By Geoffrey Smith
Investing.com — The specter of stagflation in the U.S. reared its ugly head on Thursday as new data suggested that the economy contracted in the first quarter.
shrunk at an annualized rate of 1.4% in the three months through March, down from 6.9% in the fourth quarter, and a much more negative first reading than had been expected. Consensus forecasts had been for growth of 1.1%.
Analysts argued that the headline figure was misleadingly weak, being dominated by a big negative contribution from external trade – the trade deficit widened to over $270 billion in the first quarter – and a drop in inventories.
However, was also much weaker than expected. It rose by an annualized 2.7% instead of the 3.5% expected, against a backdrop of inflation running at a 40-year high.
The numbers leave U.S. GDP some 0.4% below its pre-pandemic level and 2.1% below where it would have been if the pandemic hadn’t happened, according to Oxford Economics’ Greg Daco. He said the outlook was nonetheless better than the headline figure suggests.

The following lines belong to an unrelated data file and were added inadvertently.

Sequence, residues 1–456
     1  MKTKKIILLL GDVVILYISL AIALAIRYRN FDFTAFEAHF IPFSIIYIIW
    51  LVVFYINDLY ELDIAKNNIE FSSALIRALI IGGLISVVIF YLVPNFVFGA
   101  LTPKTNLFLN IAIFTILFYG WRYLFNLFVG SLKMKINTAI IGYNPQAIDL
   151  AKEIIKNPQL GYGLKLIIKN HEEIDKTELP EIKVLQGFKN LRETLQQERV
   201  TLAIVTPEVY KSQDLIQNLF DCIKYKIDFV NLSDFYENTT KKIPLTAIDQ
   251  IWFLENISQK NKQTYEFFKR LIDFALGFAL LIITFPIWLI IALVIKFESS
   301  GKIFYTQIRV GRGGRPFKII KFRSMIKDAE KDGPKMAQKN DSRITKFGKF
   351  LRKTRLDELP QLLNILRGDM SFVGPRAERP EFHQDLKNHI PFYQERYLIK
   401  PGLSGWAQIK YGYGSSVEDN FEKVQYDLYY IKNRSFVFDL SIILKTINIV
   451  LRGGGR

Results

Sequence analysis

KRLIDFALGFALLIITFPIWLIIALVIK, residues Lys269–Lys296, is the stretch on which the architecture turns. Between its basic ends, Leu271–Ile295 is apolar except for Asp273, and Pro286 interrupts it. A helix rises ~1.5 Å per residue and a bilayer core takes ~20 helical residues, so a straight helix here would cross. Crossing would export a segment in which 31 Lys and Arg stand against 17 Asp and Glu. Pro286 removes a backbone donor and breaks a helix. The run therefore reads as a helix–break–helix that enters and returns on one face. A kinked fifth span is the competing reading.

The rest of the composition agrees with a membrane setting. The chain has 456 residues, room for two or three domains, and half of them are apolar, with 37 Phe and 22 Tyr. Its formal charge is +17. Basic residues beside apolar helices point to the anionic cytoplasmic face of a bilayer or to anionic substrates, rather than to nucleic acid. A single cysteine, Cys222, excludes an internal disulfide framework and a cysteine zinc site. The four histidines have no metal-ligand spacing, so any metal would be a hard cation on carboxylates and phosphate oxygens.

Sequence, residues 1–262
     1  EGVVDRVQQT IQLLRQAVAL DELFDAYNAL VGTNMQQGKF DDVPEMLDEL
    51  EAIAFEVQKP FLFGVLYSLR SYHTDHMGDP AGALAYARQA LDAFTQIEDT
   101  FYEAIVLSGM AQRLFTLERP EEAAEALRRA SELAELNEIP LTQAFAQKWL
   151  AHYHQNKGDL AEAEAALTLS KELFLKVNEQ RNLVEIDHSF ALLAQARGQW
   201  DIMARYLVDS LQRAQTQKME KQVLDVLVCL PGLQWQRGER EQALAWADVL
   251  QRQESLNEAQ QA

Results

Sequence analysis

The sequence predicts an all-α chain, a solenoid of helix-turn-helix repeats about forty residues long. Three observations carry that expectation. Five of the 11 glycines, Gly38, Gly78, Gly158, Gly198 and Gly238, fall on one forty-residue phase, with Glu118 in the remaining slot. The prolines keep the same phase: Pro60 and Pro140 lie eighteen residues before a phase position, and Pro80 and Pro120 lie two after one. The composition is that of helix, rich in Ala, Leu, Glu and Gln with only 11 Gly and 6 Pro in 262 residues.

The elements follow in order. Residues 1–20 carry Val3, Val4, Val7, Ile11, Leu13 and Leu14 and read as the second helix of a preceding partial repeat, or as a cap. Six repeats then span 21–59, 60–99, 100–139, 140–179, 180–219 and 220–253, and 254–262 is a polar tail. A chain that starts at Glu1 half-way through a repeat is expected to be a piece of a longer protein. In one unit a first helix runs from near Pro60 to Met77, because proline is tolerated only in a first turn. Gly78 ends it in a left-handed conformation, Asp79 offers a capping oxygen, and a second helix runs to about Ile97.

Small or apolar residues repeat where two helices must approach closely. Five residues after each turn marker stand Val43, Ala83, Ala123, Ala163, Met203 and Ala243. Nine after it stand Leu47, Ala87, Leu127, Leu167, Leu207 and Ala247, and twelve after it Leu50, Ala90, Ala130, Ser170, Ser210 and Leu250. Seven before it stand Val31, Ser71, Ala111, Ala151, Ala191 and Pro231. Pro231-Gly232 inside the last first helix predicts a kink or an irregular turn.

“No this isn’t the onset of a recession,” Daco said via Twitter, pointing to the fact that GDP was still up 3.6% from a year earlier.
A contraction would also be at odds with many individual data series over the period. Business surveys by the regional Federal Reserve banks and private sector companies such as S&P Global have routinely shown activity at a robust level, while the labor market added over 1.6 million nonfarm jobs in the quarter.
Additionally, most recent GDP data have tended to be revised higher, as the government’s method for compiling them doesn’t completely reflect the change in working trends triggered by the pandemic.
However, the data do provide some evidence of the highest inflation in a generation sapping growth, as the start of a long tightening of monetary policy by the Federal Reserve looms.
Business investment grew at an annualized rate of 7.3% in the quarter, accelerating from 2.5% in the previous three months. That alone added 1.2 points to GDP.
Prices for core personal consumer expenditures, the Fed’s preferred measure of inflation, rose at an annual rate of 7.0% in the first quarter.
Financial markets appeared unable to decide what to make of the numbers. The and were both largely unchanged from before the release by 9:05 AM ET (1305 GMT).